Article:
In Utah same-sex marriage case, many ‘friends of the court’

Posted at 10:30 AM, Sep 05, 2014
and last updated 2014-09-08 13:21:35-04

SALT LAKE CITY -- As the U.S. Supreme Court considers whether or not to even hear Utah's appeal of two federal courts' decision to strike down the state's same-sex marriage ban, a number of political groups, corporations and states are urging the nation's top court to jump in.

In a series of "friend of the court" briefs filed with the court, groups on both sides of the same-sex marriage debate have urged the U.S. Supreme Court to consider Kitchen v. Herbert.

"Rarely will a case present a more compelling need for this Court’s review," wrote the attorneys general for 17 states, including Colorado, Oklahoma, Alabama and Wisconsin.

Read the filing here:

Other states' attorneys general sided with the couples seeking to overturn Utah's ban on same-sex marriage.

"The Amici States file this brief based on our shared belief that marriage equality advances many important governmental interests, as well as our shared interest
in guarding against the evils of discrimination," wrote the attorneys general for 15 states, including Massachusetts, Delaware, New Mexico, California and New York.

Read the filing here:

Other groups asking the state to take up the case included the gay rights groups Freedom to Marry, and Parents and Friends of Lesbians and Gays (PFLAG); and same-sex marriage opponents Eagle Forum and the Foundation for Moral Law.

The Church of Jesus Christ of Latter-day Saints joined with the U.S. Conference of Catholic Bishops and other religious groups to urge the U.S. Supreme Court to reject same-sex marriage.

"In our view, Utah’s petition offers the ideal vehicle to decide the constitutionality of State laws defining and recognizing marriage as only between a man and a woman," the religious groups wrote.

Read the filing here:

Eighty members of the Utah State Legislature filed an amicus urging the court to hear the case, and side with the state on Amendment 3. In the filing, they argued that the voters decided marriage laws in Utah when they passed the constitutional amendment in 2004.

They also argued that overturning Amendment 3 would affect many parts of state government, from the teaching of human sexuality in schools to divorce court and DCFS. They also said the case could be used to justify polygamy and incest.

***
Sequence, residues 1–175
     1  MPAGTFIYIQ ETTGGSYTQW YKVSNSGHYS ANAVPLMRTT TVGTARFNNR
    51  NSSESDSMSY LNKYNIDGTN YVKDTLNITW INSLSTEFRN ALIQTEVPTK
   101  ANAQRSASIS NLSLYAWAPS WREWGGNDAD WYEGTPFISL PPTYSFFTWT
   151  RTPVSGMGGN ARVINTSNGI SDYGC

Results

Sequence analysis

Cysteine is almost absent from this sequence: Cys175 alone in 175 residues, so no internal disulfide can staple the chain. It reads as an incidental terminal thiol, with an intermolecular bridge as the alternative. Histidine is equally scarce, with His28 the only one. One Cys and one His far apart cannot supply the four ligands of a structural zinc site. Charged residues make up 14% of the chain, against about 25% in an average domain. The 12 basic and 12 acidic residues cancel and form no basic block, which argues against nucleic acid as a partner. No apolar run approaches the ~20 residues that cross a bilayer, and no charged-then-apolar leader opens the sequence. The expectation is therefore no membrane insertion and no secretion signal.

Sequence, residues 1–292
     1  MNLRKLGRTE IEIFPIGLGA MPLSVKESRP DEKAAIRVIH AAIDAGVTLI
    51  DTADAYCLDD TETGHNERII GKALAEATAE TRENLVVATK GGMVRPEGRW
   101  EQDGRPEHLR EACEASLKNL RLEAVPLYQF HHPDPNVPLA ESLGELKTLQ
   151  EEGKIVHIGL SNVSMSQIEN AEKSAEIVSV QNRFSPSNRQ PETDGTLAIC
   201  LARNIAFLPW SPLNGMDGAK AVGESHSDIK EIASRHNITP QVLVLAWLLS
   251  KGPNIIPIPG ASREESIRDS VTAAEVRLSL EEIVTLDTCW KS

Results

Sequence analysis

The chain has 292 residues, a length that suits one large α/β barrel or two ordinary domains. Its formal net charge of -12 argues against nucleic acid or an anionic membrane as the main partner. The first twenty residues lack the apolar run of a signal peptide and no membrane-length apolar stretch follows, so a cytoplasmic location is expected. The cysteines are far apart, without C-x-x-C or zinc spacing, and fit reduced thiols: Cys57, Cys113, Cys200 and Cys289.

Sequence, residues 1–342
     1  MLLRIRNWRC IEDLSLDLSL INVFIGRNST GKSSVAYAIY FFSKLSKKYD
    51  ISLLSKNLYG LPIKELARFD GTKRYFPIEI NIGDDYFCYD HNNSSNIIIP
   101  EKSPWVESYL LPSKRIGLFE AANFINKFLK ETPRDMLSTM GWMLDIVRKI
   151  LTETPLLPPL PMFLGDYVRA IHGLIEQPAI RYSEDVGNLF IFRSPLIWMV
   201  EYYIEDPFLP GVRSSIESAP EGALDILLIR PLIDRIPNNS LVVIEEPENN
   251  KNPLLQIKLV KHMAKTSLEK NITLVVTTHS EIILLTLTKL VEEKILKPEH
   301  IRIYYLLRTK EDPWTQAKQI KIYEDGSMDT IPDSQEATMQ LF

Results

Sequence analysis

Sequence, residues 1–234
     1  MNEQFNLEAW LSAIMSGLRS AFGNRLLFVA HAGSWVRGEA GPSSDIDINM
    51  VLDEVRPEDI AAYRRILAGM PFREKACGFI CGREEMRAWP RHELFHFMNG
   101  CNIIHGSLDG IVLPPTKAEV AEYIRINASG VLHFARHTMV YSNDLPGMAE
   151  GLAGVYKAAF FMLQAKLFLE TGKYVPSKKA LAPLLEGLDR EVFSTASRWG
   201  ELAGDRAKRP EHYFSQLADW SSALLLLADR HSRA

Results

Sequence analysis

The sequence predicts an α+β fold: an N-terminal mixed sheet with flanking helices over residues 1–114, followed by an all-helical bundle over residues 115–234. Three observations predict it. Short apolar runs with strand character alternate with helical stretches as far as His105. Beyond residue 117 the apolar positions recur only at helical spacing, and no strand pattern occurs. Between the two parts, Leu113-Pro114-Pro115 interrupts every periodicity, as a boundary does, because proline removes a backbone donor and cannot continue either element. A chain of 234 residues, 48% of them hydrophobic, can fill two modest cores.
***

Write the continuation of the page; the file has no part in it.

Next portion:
Read the filing here:

In a separate filing, 21 Utah counties urged the U.S. Supreme Court to reject same-sex marriage expressing "concern about the direct and collateral social consequences" of redefining marriage.

"Among those disturbing social consequences is the phenomenon of increased rates of abortion and diminished, diluted social shared understanding of marriage and marital responsibilities," BYU professor Lynn Wardle wrote on behalf of the counties.

Read the filing here:


In its own amicus filing, 30 companies urged the U.S. Supreme Court to consider the case.

"We are located or operate in states across the country, some of which recognize marriages of those of our employees whose spouses are of the same sex, and others that prohibit marriages between same-sex couples and refuse to recognize existing same-sex marriages," the companies wrote. "This dual and continuously shifting regime uniquely burdens amici. This legal uncertainty exposes us, as employers, to unnecessary cost, risk, and administrative complexity."

Read the filing here:

The U.S. Supreme Court could decide as early as the end of this month whether or not to take up Kitchen v. Herbert, or any of the other same-sex marriage cases ruled on recently. Arguments would likely not be heard until next year with a ruling anticipated by June 2015.

Last year, a federal judge in Salt Lake City struck down Amendment 3, a voter-approved constitutional amendment that defined marriage as between a man and a woman and refused to recognize anything else. That cleared the way for more than 1,200 same-sex couples to wed in 17 days before SCOTUS halted it, pending appeal.

Utah appealed to the 10th Circuit Court in Denver, which also declared Amendment 3 unconstitutional, saying it violated gay and lesbian couples' right to equal protection under the U.S. Constitution.